STATE COLLEGE, Pa. --Penn State's annual charity dance marathon is phasing out a controversial fundraising effort after two students died in recent years and the event focuses on alternative ways to raise money.
Officials with Thon released a letter Thursday saying "canning" will be phased out entirely in 2019. Until then, some changes will be enacted.
The announcement comes after a 19-year-old sophomore died in a one-car crash in September. Another student died in December 2011 while traveling for a canning weekend.
Former Thon executive director Katie Mailey and the nonprofit's current chair Austin Sommerer cited stagnant growth from canning efforts, as well as safety of student participants, as reasons for the change.
"If we move our time and resources to more innovative fundraising solutions, we are developing methods that have room to grow, whereas canning has not seen significant growth in many years," they wrote. For instance, online donations are up, they say, as are physical check donations.
Only two weekends - Sept. 23-25 and Oct. 28-30 - will be set aside in the fall for the popular fundraising effort, in which students ask motorists around the region to drop donations into large cans.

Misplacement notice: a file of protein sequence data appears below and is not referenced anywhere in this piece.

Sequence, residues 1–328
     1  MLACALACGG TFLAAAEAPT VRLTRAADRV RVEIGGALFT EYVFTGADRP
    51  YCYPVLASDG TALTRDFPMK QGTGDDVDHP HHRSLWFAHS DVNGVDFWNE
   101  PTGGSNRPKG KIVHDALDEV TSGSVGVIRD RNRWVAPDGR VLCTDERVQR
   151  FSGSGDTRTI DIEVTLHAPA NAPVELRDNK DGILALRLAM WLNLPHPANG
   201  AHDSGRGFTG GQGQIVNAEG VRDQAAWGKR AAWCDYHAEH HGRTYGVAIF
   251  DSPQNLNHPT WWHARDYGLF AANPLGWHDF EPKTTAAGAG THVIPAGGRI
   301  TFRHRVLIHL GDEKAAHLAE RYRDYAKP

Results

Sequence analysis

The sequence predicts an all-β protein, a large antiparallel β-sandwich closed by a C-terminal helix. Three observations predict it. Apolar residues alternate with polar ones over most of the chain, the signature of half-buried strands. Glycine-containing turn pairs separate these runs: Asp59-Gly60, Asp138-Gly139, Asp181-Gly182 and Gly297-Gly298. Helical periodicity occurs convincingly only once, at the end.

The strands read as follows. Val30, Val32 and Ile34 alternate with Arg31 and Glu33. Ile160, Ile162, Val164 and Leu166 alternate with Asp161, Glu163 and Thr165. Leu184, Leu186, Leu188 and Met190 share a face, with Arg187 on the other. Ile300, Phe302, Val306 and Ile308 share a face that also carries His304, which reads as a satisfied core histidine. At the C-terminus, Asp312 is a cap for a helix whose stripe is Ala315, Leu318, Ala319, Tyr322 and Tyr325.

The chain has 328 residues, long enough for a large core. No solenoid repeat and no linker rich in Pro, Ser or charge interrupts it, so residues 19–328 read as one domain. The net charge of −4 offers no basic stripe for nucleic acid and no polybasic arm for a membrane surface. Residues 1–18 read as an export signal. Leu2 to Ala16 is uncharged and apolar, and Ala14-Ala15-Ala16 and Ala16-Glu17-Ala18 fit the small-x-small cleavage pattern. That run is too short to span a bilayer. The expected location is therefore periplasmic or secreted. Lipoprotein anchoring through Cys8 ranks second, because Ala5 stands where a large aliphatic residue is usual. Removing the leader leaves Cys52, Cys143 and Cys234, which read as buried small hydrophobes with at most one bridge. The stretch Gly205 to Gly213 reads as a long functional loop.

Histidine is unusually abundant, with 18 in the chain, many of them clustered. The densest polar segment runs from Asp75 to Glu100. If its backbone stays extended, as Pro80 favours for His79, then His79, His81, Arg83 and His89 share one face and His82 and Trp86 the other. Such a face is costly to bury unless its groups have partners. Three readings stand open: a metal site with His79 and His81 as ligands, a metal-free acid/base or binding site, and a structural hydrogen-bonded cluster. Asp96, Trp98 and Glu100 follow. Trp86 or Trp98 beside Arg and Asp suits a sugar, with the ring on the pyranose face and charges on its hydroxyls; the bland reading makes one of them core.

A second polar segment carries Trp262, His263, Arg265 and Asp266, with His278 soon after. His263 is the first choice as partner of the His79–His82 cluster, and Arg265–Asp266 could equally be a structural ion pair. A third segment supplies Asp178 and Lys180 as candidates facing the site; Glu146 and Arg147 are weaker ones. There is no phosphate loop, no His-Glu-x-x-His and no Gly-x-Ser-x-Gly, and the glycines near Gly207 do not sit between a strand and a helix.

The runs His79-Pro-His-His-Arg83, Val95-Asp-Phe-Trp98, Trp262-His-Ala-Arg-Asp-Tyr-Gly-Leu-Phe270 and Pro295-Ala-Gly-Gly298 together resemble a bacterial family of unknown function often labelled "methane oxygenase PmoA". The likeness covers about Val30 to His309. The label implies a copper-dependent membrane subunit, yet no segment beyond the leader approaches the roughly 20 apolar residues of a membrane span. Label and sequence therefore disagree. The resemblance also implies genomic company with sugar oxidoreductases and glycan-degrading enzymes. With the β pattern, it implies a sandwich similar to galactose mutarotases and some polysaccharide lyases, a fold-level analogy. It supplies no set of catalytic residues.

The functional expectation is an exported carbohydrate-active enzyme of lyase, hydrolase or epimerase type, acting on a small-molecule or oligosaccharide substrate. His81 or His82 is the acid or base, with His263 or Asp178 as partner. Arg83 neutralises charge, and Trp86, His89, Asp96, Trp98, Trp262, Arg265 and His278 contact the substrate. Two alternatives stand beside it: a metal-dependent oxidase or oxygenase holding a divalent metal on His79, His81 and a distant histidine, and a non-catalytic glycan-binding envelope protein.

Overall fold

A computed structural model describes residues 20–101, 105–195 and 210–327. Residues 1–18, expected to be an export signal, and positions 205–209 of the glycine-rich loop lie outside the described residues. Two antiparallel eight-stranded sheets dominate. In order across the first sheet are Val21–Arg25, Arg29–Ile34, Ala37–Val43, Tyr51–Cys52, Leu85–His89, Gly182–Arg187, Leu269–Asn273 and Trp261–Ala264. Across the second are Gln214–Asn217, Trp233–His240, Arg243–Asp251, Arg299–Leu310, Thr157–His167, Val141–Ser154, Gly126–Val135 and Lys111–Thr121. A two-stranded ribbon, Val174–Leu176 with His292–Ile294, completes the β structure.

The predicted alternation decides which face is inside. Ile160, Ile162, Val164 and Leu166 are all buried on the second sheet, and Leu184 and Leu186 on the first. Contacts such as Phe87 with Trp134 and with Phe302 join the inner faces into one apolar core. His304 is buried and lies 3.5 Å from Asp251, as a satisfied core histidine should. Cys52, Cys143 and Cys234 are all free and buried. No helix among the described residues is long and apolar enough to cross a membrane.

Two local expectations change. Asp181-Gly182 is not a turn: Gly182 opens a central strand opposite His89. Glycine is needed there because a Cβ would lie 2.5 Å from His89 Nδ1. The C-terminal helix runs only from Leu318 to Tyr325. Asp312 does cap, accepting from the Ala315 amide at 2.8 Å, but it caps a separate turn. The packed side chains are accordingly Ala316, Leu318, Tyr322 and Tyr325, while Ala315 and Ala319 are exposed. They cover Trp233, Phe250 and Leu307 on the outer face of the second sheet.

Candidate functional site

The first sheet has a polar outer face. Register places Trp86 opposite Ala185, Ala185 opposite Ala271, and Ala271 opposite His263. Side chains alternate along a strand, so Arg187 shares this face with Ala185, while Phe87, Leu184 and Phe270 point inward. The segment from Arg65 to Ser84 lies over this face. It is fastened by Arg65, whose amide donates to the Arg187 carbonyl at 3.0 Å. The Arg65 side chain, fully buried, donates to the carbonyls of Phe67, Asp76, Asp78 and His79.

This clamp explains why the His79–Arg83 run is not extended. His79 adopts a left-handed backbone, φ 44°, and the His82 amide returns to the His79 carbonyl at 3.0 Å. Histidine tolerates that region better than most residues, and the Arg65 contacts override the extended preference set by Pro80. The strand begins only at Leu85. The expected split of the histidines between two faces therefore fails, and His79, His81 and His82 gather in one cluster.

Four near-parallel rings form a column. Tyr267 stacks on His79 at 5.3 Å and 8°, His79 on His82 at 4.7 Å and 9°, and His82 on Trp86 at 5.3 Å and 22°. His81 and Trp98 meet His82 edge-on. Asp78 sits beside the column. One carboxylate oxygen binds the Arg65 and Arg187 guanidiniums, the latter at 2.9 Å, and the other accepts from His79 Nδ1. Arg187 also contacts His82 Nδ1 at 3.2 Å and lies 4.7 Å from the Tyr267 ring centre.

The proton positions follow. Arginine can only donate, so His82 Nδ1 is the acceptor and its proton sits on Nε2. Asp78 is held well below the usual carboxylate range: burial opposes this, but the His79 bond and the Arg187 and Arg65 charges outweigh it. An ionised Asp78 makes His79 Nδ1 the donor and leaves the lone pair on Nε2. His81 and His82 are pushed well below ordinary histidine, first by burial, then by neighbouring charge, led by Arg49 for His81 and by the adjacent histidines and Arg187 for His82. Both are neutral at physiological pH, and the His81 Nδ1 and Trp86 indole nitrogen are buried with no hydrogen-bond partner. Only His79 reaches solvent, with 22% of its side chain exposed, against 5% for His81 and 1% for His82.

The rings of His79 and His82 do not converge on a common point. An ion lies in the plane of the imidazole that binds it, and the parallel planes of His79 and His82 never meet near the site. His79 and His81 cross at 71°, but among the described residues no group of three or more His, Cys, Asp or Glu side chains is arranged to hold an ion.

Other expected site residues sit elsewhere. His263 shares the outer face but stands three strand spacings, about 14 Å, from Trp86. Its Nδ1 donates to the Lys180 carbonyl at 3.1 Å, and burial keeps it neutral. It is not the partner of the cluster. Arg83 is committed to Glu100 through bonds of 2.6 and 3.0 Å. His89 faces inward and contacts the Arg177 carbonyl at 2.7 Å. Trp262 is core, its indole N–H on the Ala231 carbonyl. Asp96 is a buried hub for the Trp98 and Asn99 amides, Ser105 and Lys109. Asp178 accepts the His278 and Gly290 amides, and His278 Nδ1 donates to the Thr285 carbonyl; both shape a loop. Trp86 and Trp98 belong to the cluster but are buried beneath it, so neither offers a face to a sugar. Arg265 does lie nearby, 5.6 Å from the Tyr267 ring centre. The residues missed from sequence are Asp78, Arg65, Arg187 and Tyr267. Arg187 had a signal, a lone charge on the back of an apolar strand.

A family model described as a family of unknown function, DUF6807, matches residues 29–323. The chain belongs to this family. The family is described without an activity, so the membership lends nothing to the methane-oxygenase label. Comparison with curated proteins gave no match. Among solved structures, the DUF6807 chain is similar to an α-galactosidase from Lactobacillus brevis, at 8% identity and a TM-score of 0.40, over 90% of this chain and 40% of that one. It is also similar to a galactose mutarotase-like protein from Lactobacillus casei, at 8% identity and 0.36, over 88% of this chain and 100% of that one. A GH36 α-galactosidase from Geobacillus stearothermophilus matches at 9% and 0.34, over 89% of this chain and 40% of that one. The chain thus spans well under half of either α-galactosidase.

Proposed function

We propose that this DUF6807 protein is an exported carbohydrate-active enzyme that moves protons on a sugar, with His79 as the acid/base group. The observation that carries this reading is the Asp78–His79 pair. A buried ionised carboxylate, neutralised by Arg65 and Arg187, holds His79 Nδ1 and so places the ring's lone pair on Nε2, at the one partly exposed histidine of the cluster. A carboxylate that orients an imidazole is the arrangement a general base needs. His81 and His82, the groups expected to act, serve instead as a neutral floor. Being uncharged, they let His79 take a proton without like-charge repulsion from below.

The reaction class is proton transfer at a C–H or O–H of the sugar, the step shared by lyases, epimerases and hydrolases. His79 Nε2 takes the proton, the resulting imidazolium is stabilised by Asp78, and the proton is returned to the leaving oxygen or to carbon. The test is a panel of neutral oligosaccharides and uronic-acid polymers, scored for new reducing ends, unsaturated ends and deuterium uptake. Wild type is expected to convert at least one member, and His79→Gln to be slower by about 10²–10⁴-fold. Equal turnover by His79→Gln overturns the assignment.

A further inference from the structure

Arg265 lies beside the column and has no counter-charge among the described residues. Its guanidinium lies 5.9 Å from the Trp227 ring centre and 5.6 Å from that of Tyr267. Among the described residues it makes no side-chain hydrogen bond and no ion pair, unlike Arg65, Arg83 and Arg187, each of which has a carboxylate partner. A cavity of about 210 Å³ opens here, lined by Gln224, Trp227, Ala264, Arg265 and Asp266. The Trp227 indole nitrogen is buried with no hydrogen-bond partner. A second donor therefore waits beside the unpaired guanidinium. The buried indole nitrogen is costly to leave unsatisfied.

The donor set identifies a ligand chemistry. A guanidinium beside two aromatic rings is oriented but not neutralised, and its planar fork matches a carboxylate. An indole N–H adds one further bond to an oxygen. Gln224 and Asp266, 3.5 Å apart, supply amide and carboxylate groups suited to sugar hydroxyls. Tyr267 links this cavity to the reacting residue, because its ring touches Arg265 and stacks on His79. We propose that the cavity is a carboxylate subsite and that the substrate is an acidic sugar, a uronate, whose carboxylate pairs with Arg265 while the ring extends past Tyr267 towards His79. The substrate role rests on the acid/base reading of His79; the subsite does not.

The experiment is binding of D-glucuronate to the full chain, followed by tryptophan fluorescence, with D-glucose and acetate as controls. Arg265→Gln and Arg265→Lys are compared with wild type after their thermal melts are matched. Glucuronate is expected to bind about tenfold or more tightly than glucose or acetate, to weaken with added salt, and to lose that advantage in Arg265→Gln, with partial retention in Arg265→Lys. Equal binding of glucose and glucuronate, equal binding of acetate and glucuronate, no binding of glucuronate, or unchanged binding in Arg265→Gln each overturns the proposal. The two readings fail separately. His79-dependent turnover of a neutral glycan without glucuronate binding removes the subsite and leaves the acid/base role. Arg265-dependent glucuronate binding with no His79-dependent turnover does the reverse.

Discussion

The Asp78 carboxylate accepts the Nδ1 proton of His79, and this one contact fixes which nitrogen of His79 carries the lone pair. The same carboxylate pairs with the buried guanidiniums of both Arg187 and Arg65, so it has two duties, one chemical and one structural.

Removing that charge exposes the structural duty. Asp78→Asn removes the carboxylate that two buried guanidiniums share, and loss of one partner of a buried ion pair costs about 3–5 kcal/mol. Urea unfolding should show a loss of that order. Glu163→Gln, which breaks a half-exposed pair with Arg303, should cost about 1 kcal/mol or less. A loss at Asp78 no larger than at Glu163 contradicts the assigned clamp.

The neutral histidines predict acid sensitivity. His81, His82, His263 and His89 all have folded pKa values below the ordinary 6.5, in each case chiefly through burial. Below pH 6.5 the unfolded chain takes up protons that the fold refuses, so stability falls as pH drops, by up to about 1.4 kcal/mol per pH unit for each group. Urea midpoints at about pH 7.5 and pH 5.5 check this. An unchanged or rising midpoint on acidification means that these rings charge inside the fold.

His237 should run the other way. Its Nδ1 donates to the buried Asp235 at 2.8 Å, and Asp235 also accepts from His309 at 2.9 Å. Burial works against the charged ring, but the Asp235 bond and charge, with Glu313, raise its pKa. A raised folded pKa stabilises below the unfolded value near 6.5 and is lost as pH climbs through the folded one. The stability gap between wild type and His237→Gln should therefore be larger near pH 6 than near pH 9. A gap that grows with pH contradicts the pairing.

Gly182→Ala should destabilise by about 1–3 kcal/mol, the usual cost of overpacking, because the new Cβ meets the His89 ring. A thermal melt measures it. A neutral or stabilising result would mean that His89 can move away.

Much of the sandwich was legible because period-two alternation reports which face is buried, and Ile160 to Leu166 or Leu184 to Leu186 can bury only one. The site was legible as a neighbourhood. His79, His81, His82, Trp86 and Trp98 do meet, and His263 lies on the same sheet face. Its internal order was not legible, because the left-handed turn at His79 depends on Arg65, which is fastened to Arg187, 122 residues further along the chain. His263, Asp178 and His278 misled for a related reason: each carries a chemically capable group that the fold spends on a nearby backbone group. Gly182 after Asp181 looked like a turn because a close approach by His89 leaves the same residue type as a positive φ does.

Only one weekend will be set aside the next year.
Safety changes include the introduction of online courses that drivers must take before they can register for a canning weekend. Volunteers must also complete an online safety course before taking part in canning trips.
Thon, the 46-hour event billed as the largest student-run philanthropy, raised more than $9.7 million for pediatric cancer care this year. That was significantly lower than the 2015 total of over $13 million.
In November, Mailey indicated the organization was working on a "sustainable and robust solution" to safety concerns for students after the death of Vitalya Sepot of Branford, Connecticut,
She was in a car full of students heading back to State College after a canning trip when the accident happened on the Pennsylvania Turnpike, near King of Prussia. The students were with the sorority Alpha Chi Omega and fraternity Tau Kappa Epsilon.
"While we are saddened to see one of our traditions come to an end in the next two years, we are excited to see the growth of our fundraising and student engagement efforts in other areas," Mailey and Sommerer wrote.